Lincolnshire

Manufacturing in Lincolnshire is on the rise

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Manufacturing companies across Greater Lincolnshire are cautiously optimistic as export sales rise within the county.

A report released by the Confederation of British Industry (CBI) on November 1 reflects this optimism across the country in its Quarterly SME trends survey.

The survey of 423 firms reported that total new orders edged up slightly in the three months to October, while output rose modestly.

In particular, exports orders were flat on the quarter, but this marked the first time that they had not fallen since mid-2014. Robust growth in export orders is anticipated over the next three months, with expected growth the strongest since the data series began in October 1988.

However in Lincolnshire, manufacturing companies have reported a rise in exports.

Justin Brown, Enterprise Commissioner for Lincolnshire County Council, said: “Manufacturing is an important sector in Lincolnshire, employing around 38,000 people in some of our most technologically-advanced businesses.

“In the last three months, we’ve seen an increase in exporting order books for manufacturers, with them taking advantage of the favourable exchange rates. So the current position is one of quiet optimism. Looking past that, there are too many unknowns to make confident predictions about the future.”

But while optimism about export prospects over the year ahead grew strongly at the fastest pace since April 2014, nationally, SME manufacturers reported that average unit costs at home are rising (at the fastest pace since April 2013) and are expected to continue to increase over the next three months.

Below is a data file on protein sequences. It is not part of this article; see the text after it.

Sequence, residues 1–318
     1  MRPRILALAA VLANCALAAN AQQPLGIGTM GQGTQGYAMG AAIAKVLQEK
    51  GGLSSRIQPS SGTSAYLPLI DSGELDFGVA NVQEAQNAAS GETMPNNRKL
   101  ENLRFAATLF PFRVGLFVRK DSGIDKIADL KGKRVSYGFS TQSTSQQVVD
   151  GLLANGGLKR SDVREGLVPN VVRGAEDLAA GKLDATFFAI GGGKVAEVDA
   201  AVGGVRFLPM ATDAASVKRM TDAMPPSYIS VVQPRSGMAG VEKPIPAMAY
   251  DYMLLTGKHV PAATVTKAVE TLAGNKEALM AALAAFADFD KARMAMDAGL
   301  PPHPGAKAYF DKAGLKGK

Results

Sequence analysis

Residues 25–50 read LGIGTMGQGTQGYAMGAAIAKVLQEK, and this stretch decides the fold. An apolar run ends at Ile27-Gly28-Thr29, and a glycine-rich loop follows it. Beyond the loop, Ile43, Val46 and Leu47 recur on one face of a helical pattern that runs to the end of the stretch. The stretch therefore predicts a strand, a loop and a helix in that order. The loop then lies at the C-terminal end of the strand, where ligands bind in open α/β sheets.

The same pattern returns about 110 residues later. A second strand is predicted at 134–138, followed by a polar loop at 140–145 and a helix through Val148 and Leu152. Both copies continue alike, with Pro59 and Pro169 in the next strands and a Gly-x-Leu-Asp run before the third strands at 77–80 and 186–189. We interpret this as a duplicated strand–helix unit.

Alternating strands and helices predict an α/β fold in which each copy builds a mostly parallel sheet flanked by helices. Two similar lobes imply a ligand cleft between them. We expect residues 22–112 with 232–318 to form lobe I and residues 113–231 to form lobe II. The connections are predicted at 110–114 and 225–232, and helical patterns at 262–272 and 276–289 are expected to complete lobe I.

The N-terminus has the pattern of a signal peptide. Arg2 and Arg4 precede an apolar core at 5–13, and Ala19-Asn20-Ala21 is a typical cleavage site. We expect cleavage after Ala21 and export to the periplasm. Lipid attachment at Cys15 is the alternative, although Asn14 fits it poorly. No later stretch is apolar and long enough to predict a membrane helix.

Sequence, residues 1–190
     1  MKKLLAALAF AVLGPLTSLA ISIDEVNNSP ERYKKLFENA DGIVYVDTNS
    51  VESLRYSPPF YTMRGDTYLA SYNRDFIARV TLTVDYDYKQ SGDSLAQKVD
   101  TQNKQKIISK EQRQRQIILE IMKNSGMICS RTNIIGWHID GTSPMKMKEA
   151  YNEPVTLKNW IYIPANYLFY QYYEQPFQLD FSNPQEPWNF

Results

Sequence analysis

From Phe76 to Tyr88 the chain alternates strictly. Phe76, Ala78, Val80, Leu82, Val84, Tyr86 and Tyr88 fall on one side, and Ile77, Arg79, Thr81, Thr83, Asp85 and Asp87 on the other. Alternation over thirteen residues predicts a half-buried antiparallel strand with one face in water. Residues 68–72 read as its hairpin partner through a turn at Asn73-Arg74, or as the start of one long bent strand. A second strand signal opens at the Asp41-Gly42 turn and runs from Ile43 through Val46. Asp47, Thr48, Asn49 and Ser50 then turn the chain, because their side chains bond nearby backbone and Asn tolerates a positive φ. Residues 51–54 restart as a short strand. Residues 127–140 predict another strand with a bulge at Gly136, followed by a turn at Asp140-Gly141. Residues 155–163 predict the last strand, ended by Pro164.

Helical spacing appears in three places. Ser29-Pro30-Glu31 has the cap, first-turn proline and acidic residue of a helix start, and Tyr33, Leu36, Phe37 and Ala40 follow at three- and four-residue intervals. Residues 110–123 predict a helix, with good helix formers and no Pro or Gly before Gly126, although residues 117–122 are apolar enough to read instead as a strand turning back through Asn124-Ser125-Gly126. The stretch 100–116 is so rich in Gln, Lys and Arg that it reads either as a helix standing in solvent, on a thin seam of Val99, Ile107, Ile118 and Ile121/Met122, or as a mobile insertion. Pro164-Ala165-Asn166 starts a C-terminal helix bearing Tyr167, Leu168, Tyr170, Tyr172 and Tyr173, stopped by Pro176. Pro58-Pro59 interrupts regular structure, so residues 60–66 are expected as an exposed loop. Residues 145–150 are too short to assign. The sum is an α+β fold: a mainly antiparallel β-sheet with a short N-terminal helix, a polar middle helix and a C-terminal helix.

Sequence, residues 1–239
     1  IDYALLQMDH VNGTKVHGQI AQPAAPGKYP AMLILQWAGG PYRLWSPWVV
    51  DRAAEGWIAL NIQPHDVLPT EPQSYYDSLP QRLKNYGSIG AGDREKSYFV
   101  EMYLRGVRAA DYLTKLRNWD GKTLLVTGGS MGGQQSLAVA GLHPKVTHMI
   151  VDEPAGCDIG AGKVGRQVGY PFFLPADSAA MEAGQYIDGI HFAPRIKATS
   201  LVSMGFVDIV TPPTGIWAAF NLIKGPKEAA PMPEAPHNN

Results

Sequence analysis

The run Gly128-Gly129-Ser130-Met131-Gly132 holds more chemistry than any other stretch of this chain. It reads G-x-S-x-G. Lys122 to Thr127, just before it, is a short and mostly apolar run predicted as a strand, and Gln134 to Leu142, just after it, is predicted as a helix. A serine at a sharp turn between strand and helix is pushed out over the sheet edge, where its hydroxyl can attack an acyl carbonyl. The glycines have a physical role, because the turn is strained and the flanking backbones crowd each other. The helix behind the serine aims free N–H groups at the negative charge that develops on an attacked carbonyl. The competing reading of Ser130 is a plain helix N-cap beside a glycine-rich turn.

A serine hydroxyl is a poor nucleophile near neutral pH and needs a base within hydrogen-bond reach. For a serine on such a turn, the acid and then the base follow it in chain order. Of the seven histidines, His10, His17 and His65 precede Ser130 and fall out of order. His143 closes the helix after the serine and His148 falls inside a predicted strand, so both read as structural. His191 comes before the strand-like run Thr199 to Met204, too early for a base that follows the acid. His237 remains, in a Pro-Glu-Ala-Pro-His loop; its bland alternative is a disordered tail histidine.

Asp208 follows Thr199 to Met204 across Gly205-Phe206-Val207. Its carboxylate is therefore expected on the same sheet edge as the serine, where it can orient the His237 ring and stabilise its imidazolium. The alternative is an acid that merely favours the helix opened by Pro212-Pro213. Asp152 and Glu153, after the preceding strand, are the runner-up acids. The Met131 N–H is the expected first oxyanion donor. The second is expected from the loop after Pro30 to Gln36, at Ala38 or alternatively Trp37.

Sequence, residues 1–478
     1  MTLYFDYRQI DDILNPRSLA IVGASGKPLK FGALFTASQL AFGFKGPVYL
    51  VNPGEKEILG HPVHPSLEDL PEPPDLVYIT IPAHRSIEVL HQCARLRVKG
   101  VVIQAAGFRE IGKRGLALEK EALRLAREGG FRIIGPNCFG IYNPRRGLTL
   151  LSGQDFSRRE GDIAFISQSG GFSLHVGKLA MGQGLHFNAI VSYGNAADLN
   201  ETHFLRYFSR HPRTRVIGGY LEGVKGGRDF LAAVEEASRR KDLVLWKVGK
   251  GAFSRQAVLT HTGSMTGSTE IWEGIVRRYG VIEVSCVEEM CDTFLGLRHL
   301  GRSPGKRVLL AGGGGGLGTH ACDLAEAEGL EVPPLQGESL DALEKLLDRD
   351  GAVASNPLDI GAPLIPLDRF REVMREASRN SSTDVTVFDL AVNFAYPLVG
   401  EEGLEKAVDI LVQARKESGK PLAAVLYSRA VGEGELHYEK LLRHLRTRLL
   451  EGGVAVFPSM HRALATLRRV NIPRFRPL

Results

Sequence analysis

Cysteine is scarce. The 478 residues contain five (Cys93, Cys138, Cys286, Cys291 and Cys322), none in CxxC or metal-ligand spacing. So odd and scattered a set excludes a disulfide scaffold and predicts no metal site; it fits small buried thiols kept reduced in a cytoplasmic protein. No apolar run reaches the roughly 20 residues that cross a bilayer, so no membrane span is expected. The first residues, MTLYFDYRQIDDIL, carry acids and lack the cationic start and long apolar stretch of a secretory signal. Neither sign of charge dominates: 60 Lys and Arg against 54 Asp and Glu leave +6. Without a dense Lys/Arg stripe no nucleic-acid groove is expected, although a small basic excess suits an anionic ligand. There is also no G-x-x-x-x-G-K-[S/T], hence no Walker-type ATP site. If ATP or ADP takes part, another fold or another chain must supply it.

Numbers employed have grown for the 14th consecutive quarter, but at the slowest pace in almost two years. Headcount is expected to be flat over the next three months.

Investment intentions have improved, following a deterioration in the wake of the referendum. Planned spending on buildings has moved above its long-run average, while firms expect to keep expenditure on plant and machinery unchanged. However, concerns over labour shortages limiting capital spending have risen, to levels similar to those seen at the end of 2007.

Rain Newton-Smith, CBI Chief Economist, said: “Smaller manufacturers are increasingly confident about their export prospects in the months ahead as they continue to reap benefits from the weaker pound. But this is also leading to a rise in costs at home.

“While investment intentions have improved, uncertainty among businesses remains high, and so the government must prioritise measures to ensure that firms keep investing ahead, like removing new plant and machinery spending from business rate calculations.

“Setting the right environment for firms to innovate must be at the heart of the Autumn Statement, so the government should commit to a long-term target for R&D spending of 3% of GDP, getting behind Innovate UK and our catapult centres.”